Millions of people like me grew up with Neil Young being a significant contributor to the soundtrack to their youth. From Buffalo Springfield to Crosby, Stills, Nash & Young, to his exceptional work with Crazy Horse and solo, Young was a pervasive influence. Yet despite so many songs considered absolute classics today — “Cinnamon Girl,” “Down By The River” and “Southern Man,” to name just three — it was a more laid back approach that brought him his greatest commercial success.
Harvest, released in February 1972, not only became his best selling record, it also produced his only number one single. The song, “Heart of Gold,” with backing vocals by James Taylor and Linda Ronstadt, reached number one on March 18, 1972. Once again, though, Young was in a musical vanguard.
Harvest reflected his exploration of the increasingly popular country rock sound. Much of the album, partly recorded in Nashville, oozes country. It has more pedal steel guitar than Young playing electric guitar. Although Buffalo Springfield and even Young’s previous LP, After the Gold Rush, are part of country rock’s early endeavors, within about a year of Harvest we would see debut releases from the Eagles, the Ozark Mountain Daredevils and Pure Prairie League.
The more acoustic nature of the album also reflected two other, somewhat overlapping, trends. One was the growing popularity of the introspective singer-songwriter style. While not entirely new, it took off in the early 70s with artists like Taylor, Jackson Browne and Joni Mitchell. Some of these artists — Browne in particular — were also a source of what would be called the Southern California Sound, also more mellow and introspective but which also included artists like the Eagles.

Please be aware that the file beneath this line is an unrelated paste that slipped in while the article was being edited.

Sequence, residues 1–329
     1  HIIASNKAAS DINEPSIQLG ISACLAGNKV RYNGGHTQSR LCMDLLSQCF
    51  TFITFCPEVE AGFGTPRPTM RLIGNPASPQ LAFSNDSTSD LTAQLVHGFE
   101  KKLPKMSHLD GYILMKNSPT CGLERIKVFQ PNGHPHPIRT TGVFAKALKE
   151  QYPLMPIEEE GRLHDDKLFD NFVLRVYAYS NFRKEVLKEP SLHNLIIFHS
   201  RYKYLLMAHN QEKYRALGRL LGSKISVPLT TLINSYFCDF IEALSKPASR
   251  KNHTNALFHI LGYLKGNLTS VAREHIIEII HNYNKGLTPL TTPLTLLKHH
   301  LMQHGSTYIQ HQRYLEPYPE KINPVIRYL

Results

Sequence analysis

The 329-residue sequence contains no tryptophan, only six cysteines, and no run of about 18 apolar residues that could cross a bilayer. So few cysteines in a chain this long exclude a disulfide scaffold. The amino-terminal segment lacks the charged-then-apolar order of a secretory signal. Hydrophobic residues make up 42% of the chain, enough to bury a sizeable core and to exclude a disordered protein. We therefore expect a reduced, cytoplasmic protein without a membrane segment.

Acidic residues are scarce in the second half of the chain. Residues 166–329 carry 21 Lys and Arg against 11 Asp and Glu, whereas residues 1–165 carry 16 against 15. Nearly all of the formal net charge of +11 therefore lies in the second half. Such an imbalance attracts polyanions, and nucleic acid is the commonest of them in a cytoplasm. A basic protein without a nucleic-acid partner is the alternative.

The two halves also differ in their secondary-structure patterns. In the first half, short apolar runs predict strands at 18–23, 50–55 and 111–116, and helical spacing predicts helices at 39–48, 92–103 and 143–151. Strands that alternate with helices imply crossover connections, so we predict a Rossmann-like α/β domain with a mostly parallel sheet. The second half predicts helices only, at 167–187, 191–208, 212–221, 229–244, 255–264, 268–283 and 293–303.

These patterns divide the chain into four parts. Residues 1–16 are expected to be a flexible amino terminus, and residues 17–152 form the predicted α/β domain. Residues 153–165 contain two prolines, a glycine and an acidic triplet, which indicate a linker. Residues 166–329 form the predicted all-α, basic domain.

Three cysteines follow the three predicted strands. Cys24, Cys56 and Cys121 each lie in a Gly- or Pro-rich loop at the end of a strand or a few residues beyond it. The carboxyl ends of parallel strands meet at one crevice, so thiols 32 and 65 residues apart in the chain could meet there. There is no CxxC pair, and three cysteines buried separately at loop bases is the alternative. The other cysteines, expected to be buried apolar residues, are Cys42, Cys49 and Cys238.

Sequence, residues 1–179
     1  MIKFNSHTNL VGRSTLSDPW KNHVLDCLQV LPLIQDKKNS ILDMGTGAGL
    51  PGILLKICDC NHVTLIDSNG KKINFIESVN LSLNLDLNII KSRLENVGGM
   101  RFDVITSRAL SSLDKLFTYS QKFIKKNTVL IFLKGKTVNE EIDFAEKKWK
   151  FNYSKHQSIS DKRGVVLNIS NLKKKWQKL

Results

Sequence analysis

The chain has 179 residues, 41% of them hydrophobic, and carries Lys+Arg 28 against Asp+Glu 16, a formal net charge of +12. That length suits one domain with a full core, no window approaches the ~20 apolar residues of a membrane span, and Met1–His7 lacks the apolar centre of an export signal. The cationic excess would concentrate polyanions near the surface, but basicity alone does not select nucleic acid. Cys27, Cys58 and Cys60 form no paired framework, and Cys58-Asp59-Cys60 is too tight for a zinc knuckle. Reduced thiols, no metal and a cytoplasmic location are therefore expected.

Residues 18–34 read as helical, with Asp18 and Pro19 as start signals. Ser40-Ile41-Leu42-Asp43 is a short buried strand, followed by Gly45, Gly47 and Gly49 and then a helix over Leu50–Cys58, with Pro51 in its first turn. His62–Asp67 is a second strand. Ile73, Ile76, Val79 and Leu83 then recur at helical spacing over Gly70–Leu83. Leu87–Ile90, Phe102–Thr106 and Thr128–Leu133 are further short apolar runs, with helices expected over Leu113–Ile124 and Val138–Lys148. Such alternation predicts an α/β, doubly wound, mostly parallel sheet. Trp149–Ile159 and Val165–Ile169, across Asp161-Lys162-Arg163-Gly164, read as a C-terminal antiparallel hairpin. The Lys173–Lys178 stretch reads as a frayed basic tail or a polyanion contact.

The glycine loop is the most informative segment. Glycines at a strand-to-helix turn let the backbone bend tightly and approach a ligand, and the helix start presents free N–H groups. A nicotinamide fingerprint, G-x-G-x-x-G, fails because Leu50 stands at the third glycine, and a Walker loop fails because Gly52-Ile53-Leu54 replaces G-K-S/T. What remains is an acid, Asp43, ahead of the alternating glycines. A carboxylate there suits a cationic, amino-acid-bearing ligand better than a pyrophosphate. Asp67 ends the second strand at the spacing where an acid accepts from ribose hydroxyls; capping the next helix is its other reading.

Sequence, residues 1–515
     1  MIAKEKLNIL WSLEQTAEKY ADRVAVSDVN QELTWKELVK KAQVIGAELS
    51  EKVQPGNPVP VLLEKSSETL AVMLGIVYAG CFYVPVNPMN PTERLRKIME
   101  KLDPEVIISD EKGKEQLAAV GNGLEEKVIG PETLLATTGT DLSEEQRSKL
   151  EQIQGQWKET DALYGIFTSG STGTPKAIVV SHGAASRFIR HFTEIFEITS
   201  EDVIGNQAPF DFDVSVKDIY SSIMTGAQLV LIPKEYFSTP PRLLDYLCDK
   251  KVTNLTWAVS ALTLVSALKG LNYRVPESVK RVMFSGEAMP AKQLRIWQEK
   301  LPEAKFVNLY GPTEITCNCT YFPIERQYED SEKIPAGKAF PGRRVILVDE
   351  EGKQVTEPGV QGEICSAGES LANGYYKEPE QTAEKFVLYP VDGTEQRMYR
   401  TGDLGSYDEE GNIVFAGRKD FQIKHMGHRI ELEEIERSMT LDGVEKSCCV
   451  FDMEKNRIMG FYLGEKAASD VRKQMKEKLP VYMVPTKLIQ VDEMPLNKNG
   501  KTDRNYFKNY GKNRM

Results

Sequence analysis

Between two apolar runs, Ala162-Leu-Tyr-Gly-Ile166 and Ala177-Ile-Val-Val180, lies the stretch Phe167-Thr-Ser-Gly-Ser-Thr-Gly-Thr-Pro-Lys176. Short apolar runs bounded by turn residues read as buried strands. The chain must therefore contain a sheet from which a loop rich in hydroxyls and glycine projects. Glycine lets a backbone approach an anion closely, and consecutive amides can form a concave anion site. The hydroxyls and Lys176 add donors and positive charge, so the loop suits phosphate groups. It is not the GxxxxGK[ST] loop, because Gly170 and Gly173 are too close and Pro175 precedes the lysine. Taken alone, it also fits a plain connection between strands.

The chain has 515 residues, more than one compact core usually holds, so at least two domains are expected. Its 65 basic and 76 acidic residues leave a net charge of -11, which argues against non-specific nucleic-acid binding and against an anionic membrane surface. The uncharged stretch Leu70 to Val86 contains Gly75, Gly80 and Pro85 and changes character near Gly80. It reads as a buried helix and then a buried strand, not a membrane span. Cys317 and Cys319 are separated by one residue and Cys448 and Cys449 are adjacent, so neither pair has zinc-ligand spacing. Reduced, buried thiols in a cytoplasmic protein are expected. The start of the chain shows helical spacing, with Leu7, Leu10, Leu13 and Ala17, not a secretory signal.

Like After the Gold Rush, this LP is heavily acoustic. Young’s unique electric guitar style makes an appearance only twice, the first time being eight songs in (“Alabama”) and the next being the last cut on the LP, “Words (Between the Lines of Age).” Young’s explanation for the acoustic emphasis of Harvest, though, is a bit more pedestrian. Suffering from a back condition, Young wore a brace through most of the recording sessions. He said the muscles on one side of his body were so weak he had difficulty playing electric guitar.
There were other interesting stylistic approaches. Both “A Man Needs a Maid” and “There’s a World” were Young on the piano — with the London Symphony Orchestra. Also, while Young was known for extended pieces like “Down By The River” and “Southern Man,” much of Harvest is in radio-sized bites. More than half the songs are less than three and a half minutes and only one, “Words (Between the Lines of Age),” breaks four and a half minutes.
Although Harvest would break the top 100 in Rolling Stone‘s 500 Greatest Albums of All Time, many fans saw Harvest as just too middle of the road. I was one, preferring the rougher, electric feel Young achieved with Crazy Horse. In fact, I got so tired of hearing “Heart of Gold” and “Old Man” on the radio and felt this was such a departure that I actually gave away my copy of the LP to a high school classmate. While I did buy it on CD a few years ago, my favorite songs remain the last three: “The Needle and the Damage Done” sandwiched between the two electric guitar pieces.
In retrospect, Young perhaps viewed Harvest, or at least parts of it, like those somewhat disenchanted fans. In the liner notes to Decade, Young’s 1977 two-LP retrospective, he wrote said “Heart of Gold” was a song that “put me in the middle of the road. Traveling there soon became a bore, so I headed for the ditch.”
And were it not for that ditch, Young may not be known today as “the Godfather of Grunge.”
There’s a world you’re living in
No one else has your part
“There’s a World,” Neil Young, Harvest